Wed, Jun 29, 2022 @ 16:40 GMT
HomeContributorsFundamental AnalysisThe US Currency Clearly Remains in Pole Position

The US Currency Clearly Remains in Pole Position

Markets

Markets yesterday had to cope with multiple, divergent pieces of news both on inflation and growth. Most data still suggested that the former is becoming an ever bigger hurdle for the second. Chinese data are flagging that strict corona measures cause the second largest economy to be a drag rather an a motor for world growth as it will add both to supply chain disruptions annex higher prices and hamper demand at the same time.

EC confidence declined faster than expected from 106.7 to 105. The supply/industry related subseries were not too bad, but the European consumer clearly fears the war in Ukraine to spark a protracted cost of living crisis (-22.0 from -16.9).

US eco data of late were resilient but the April manufacturing ISM (55.4 from 57.1 vs 57.6 expected) shows that prices/supply issues are still abundant, but demand shows tentative signs of easing, too. Initially, all this led to outright risk-off, especially on European indices. The EuroStoxx50 lost 1.85%. US indices after a hesitant start finally rebounded (Dow +0.26%, Nasdaq + 1.63%).

US yields didn’t change course despite uncertainty on growth, rising between 4.7/4.9 bps (5-y/10y) and 1.7 bps (2-y). The decomposition of the move in the 10-y yields was striking. The US 10-y real yield jumped more than 15 bps to 0.14%, partially compensated by a decline in inflation expectations (-11 bps). Two days before the Fed decision, market confidence is high that Fed rate hikes and QT will do the job.

The German yield curve also steepened with the 2-y yield easing 1.9 bps and the 30-y rising 4.8 bps. There was a slight easing in EMU inflation expectations, too. However, 10-y EMU inflation swaps now moved above their US counterparts (3.08% vs 3.0%), illustrating the loss of confidence in the ECB’s mandate to anchor inflation at its 2.0% target over the policy horizon, or even far beyond.

The DXY USD index reversed Friday’s correction (close 103.74) but didn’t break last week’s top. EUR/USD still struggles to avoid a break below 1.05. Sterling initially outperformed the euro, but a late session setback even caused EUR/GBP to close north of 0.84.

This morning Japanese and main Chinese markets are closed. Later today US JOLTS job openings, German and EMU labour market data are interesting but no market mover. Investors will mainly count down to tomorrow’s Fed decision, unless some unexpected news from the Ukraine conflict were to interfere. We keep a close eye whether the US real yield will extend its journey further into positive territory. In more constructive risk sentiment, this shouldn’t immediately translate into a further acceleration of the dollar. That said, the US currency clearly remains in pole position. At the same time, it will be difficult for EUR/USD to avoid a return to the 1.0341 correction low, unless the ECB decisively steps up its anti-inflation commitment.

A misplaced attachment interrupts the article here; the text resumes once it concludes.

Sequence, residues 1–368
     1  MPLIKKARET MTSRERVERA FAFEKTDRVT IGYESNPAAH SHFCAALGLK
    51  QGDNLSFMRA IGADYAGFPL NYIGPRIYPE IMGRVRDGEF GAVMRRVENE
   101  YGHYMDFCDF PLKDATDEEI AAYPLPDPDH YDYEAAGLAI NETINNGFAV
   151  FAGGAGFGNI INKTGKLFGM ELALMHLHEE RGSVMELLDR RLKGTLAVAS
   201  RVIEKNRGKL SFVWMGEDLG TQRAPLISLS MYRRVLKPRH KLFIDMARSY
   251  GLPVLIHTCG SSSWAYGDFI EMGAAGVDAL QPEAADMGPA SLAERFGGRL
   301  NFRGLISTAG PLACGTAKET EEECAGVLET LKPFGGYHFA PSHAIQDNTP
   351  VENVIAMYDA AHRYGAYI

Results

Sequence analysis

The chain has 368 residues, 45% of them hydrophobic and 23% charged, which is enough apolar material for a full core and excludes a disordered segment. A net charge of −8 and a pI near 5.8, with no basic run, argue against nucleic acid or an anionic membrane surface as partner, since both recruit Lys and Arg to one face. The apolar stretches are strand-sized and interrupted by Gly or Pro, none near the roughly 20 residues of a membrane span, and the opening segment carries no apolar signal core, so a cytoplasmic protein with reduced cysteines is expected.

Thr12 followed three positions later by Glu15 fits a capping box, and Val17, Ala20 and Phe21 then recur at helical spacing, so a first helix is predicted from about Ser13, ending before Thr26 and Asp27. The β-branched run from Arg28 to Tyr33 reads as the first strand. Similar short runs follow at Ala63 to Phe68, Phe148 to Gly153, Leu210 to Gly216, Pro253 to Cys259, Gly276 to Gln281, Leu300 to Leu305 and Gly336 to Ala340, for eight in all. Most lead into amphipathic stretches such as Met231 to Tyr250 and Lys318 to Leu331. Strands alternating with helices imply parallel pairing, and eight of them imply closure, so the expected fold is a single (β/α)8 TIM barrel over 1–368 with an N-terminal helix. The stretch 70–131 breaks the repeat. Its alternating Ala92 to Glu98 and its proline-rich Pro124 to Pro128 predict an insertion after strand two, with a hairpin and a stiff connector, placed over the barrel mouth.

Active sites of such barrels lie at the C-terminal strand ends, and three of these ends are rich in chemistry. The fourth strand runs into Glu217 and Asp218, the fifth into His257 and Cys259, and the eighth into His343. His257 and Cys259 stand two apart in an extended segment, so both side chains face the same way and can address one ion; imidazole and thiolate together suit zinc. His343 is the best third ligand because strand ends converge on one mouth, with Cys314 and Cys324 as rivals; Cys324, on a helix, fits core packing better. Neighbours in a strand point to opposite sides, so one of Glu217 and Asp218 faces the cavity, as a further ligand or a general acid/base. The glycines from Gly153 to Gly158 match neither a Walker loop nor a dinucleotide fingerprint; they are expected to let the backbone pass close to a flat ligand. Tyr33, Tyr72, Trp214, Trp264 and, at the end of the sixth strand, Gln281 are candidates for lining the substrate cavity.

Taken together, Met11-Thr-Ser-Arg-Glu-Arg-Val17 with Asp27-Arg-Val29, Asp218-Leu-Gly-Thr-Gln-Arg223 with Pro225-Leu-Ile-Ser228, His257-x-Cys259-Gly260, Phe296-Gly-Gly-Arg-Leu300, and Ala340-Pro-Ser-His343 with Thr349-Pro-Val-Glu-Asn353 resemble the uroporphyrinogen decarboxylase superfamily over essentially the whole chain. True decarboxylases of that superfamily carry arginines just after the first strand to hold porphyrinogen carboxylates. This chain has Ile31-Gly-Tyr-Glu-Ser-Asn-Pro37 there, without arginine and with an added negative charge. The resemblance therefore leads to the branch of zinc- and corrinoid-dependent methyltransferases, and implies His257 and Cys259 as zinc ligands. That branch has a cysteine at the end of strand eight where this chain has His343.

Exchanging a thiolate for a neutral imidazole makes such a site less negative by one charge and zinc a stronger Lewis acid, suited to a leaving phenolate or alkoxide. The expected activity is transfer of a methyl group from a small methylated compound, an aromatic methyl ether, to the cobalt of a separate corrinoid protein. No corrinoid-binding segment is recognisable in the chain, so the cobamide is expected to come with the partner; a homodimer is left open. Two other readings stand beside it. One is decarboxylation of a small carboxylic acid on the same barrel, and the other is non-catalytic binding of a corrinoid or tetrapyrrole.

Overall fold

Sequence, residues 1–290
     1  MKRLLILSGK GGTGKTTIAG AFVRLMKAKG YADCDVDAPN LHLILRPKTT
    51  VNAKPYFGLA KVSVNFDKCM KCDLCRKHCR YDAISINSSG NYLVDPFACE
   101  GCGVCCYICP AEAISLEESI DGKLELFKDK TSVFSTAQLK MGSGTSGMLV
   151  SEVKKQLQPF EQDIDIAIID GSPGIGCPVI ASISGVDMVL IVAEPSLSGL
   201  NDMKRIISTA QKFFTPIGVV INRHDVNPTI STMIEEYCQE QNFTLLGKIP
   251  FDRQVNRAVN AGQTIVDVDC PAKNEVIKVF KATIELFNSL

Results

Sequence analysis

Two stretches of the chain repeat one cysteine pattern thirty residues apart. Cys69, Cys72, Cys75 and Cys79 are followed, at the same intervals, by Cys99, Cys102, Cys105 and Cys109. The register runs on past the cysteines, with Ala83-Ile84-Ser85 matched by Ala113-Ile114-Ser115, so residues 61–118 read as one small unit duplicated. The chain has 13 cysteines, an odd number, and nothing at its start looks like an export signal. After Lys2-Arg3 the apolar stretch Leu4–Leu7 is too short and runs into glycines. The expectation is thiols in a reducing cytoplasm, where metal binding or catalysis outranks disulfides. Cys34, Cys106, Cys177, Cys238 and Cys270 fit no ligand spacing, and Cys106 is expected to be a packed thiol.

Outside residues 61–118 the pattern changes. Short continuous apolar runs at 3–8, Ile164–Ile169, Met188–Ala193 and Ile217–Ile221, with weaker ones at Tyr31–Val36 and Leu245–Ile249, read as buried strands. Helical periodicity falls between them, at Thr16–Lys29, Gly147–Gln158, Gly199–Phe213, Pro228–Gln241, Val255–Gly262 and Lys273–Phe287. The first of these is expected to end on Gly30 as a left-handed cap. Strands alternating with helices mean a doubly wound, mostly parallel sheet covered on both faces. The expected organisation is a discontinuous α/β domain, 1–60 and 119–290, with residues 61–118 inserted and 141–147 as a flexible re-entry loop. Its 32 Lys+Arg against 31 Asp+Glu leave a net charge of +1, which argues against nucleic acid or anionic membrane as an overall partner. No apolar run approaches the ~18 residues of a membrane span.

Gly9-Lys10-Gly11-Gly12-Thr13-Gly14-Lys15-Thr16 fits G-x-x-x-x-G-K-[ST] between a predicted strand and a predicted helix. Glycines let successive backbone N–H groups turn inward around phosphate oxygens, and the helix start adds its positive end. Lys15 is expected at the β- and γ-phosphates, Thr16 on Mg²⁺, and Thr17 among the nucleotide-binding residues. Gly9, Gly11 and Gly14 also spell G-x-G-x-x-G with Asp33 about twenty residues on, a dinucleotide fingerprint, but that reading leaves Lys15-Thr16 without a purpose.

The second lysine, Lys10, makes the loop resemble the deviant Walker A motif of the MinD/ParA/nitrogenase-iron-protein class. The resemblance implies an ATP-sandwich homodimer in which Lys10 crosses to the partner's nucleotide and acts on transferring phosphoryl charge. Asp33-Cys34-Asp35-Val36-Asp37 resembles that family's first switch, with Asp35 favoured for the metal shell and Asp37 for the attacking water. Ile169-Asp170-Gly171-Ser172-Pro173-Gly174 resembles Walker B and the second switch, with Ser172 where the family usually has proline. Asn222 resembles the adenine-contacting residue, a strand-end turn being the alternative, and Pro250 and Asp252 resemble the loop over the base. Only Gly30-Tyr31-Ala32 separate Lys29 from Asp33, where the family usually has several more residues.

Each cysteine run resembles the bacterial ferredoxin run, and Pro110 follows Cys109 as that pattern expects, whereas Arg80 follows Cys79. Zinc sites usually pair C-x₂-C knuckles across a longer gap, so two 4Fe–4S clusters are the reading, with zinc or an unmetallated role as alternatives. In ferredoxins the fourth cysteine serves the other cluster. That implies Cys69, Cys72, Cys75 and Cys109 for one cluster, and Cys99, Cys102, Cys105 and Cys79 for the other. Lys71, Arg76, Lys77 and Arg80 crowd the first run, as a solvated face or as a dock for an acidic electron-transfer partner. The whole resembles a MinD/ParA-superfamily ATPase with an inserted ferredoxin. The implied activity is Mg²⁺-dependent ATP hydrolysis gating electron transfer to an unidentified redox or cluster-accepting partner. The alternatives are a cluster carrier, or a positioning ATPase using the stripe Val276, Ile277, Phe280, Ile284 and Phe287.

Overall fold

News Headlines

The Reserve Bank of Australia completed a Riksbank-style sudden policy U-turn by lifting its policy rate this morning from 0.1% to 0.35%. More rate hikes are coming to ensure a return of inflation towards target. The RBA also decided to no longer reinvest proceeds of maturing government bonds. The Australian economy has proven to be resilient and inflation has picked up more quickly, and to a higher level, than was expected. There is also evidence that wages growth is picking up, a key factor for the RBA to start a tightening cycle. Australian GDP growth is forecast to remain strong at 4.25% this year and 2% next. A further rise in inflation is expected short term (6% headline; 4% core), before moderating towards 3% (upper tolerance band) by mid-2024. AUD/USD (0.71) bounces away from the danger/support zone in the low 0.70-area. The AUD swaps curve bear flattens with yields rising by 2.7 bps (30-yr) to 13.5 bps (2-yr). Australian markets discount another 250 cumulative bps of rate hikes this year.

The US manufacturing ISM disappointed yesterday, dropping from 57.1 to 55.4 while consensus expected a small improvement to 57.6. The headline reading was the weakest since September 2020. Details showed broad-based weakness, also on the demand side. Actual production fell from 54.5 to 53.6 with new orders and export orders falling to 53.5 and 52.7 respectively. Employment barely held above the neutral 50-level. Supply-side issues remain at play with supplier deliveries rising from 65.4 to 67.2 and business running down inventories. Price pressure was slightly lower than in March, but is still sky-high at 84.6.

 

KBC Bankhttps://www.kbc.be/dealingroom
This non-exhaustive information is based on short-term forecasts for expected developments on the financial markets. KBC Bank cannot guarantee that these forecasts will materialize and cannot be held liable in any way for direct or consequential loss arising from any use of this document or its content. The document is not intended as personalized investment advice and does not constitute a recommendation to buy, sell or hold investments described herein. Although information has been obtained from and is based upon sources KBC believes to be reliable, KBC does not guarantee the accuracy of this information, which may be incomplete or condensed. All opinions and estimates constitute a KBC judgment as of the data of the report and are subject to change without notice.

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